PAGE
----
The Dukes Of Hazzard is basically a variant on the well-worn Moon Buggy games. And it’s rather a bore, with reasonable graphics but no addictive gameplay. This tie-in is a bit of a gimmick: remove the scenario and there isn’t much, except the General Lee graphics, to connect the game with the TV series.
Quicksilva’s licensed computer game of 20th Century Fox’s film Fantastic Voyage (78% in Issue 16) takes the player swimming inside someone’s body, trying to destroy a malignant growth and collect the pieces of a miniaturised submarine to get back out of the body before time ran out.
The 1966 film was about a group of doctors miniaturised so that they could journey around a seriously ill scientist and repair the damaged body (a remake called Inner Space is in the pipeline — or should that be the aorta?). The game follows the film in many areas, though it’s nothing special.
Journeys around the body may seem a strange basis for a game, but the hit TV series Minder was just as unlikely a candidate for conversion. The only way to base a game on the TV series would have been to include plenty of dodgy dealings — and that was exactly what DK’Tronics’s Minder (75% in Issue 17) involved. The player controls Arthur Daley in a 15-day spree of wheeling and dealing, trying to make as much profit as possible.
As an adaptation of the TV series Minder is very good, featuring most of the main characters (including Sergeant Chisholme, always on the prowl at the Winchester Club): the only letdown is that Terry McCann, the delivery man, only plays a minor role. Programmer Don Priestley made Minder interesting, giving the characters memories so you have to treat them correctly if you want to make deals with them. But it doesn’t hold the interest for long.
Adventure International jumped into the film-licensing market with Gremlins (Issue 17; an adventure, so no percentage), an official tie-in with Steven Spielberg’s hugely successful family movie. With the aid of cute little Gizmo, the player has to annihilate the Gremlins running riot in Kingston Falls.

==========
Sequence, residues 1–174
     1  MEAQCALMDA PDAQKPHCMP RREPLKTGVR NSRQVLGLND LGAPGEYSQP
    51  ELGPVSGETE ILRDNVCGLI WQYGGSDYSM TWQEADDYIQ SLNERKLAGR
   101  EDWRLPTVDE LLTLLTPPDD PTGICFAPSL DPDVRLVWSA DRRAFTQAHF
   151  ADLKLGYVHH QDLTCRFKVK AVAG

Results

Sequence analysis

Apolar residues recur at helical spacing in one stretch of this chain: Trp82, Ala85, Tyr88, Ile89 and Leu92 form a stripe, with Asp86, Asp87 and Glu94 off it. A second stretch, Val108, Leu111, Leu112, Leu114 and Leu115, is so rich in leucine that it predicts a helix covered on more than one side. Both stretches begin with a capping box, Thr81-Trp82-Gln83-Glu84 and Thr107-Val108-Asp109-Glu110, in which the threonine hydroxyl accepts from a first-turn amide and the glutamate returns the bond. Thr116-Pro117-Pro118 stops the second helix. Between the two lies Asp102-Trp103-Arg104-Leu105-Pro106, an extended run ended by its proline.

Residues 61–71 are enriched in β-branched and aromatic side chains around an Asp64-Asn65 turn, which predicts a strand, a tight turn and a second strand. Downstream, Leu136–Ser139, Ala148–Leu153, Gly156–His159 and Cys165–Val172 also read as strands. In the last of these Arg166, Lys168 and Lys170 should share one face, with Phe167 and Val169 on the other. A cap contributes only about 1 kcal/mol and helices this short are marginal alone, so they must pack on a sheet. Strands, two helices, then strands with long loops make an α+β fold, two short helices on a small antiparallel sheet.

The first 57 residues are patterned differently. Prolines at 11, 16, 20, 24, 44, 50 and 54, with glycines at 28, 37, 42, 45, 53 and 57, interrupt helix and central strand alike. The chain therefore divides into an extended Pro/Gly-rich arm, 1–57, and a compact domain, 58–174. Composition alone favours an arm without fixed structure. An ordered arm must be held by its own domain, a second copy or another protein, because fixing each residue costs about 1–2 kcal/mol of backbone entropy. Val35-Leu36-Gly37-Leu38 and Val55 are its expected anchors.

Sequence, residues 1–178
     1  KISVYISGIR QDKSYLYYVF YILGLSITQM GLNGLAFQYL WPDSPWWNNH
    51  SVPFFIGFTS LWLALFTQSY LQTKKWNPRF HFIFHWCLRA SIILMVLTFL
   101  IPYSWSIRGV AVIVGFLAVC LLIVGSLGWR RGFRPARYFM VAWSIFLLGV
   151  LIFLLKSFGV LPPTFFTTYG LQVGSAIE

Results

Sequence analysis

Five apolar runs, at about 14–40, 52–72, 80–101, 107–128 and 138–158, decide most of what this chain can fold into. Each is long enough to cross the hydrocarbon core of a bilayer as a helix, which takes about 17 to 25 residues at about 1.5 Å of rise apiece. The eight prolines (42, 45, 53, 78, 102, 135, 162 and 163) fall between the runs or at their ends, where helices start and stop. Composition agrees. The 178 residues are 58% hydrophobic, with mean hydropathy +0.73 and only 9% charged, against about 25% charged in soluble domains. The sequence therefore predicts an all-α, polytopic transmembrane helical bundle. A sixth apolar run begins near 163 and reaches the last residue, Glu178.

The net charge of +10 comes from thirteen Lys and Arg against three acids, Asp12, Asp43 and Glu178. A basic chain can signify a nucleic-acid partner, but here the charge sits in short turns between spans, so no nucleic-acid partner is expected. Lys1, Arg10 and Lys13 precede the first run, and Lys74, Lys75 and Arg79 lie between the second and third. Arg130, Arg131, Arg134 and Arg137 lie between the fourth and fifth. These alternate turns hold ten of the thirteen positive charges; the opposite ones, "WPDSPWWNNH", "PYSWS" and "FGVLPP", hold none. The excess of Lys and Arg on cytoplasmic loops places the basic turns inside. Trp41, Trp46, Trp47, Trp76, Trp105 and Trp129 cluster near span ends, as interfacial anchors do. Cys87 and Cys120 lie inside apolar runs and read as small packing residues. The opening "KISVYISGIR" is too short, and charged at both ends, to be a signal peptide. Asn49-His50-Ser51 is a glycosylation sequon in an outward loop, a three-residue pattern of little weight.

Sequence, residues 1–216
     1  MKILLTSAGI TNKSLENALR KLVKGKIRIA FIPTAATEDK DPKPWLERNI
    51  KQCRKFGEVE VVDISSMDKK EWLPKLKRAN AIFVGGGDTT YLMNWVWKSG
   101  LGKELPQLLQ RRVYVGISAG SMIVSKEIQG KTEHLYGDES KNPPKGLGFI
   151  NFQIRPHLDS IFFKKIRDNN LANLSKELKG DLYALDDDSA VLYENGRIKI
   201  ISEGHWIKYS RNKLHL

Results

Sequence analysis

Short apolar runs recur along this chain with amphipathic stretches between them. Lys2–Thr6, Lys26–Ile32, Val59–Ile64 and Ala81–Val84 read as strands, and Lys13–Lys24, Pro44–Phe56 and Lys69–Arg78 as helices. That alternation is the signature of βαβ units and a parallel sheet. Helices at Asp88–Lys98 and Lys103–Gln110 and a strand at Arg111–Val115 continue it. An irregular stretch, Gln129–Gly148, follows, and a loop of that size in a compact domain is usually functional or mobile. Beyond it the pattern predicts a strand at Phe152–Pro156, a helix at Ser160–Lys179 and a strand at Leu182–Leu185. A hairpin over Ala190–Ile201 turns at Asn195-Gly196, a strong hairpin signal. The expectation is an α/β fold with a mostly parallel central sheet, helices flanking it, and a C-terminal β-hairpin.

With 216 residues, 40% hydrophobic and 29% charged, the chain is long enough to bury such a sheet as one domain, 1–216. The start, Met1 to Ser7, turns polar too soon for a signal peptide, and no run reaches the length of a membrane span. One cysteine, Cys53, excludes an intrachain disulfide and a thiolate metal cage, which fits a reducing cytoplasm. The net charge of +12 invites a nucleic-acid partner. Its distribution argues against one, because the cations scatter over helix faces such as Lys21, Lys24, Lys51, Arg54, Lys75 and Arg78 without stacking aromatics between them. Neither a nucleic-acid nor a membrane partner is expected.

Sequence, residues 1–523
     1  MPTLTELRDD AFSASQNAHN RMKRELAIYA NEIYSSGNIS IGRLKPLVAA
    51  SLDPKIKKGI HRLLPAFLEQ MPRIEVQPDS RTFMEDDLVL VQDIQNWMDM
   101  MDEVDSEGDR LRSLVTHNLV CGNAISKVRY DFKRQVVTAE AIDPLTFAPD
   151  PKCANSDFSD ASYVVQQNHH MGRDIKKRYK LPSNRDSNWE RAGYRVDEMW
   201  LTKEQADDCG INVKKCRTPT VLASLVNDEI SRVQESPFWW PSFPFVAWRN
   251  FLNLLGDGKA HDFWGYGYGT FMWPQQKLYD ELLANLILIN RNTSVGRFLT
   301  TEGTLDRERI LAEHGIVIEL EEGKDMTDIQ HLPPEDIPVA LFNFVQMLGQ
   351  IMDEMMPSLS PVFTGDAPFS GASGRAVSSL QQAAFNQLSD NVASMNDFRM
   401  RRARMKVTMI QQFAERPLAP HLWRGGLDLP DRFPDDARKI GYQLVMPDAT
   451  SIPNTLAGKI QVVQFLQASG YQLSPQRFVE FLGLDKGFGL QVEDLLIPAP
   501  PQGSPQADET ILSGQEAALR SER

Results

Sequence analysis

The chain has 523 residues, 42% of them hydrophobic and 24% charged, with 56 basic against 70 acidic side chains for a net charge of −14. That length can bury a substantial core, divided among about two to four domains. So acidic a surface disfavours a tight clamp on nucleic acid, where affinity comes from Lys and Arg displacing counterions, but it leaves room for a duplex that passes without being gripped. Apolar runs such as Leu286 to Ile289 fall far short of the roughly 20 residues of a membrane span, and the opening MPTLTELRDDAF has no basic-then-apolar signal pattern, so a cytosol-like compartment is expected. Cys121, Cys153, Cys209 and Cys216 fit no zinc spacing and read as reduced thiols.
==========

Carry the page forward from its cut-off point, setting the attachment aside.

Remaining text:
Programmer Brian Howarth added extra scenes to the main parts of the film to make it a little harder, but knowledge of the film is a great help, especially in the opening sequences.
The astounding thing in Gremlins is the very high-quality graphics, with occasional animation adding to the atmosphere. The graphics also serve a purpose, giving clues which aren’t in the text. It’s good without being outstanding, most enjoyable if you’ve seen and liked the film.
Inevitably, James Bond eventually found his way into the bowels of a computer in the summer of 1985. The suave secret agent’s high- speed adventures lend themselves well to a game, so Domark snapped up the licence for A View To A Kill and Bond made his Spectrum debut in Issue 18 (scoring 76%), at much the same time as the film appeared.
The game of A View To A Kill is divided into three sections, each based on an action-packed scene from the film. In the first Bond is driving around Paris trying to locate the place where the assassin May Day will land; in the second, set in San Francisco, Bond must rescue himself and his girlfriend Stacy from a burning building; and in the third Bond enlists May Day’s help, attempting to find a bomb and defusing it.
These subgames were based on episodes in the film, but the effect is disappointing. A View To A Kill isn’t really action-packed, and poor presentation reduces our hero to an unrecognisable stick character.
Bond appeared again earlier this year in Domark’s The Living Daylights (63% in Issue 43), at the same time as the film, which was much hyped because of Timothy Dalton’s debut as Bond. It’s split into eight levels, loosely based on the film’s action sequences; but they’re all very similar, with parallax scrolling which messes up the nice graphics. And though much of the film is there, somewhere along the line its atmosphere was lost.
Of course the Bond films are themselves ‘tie-ins’ with Ian Fleming’s Fifties novels and stories, though today the movies are better-known.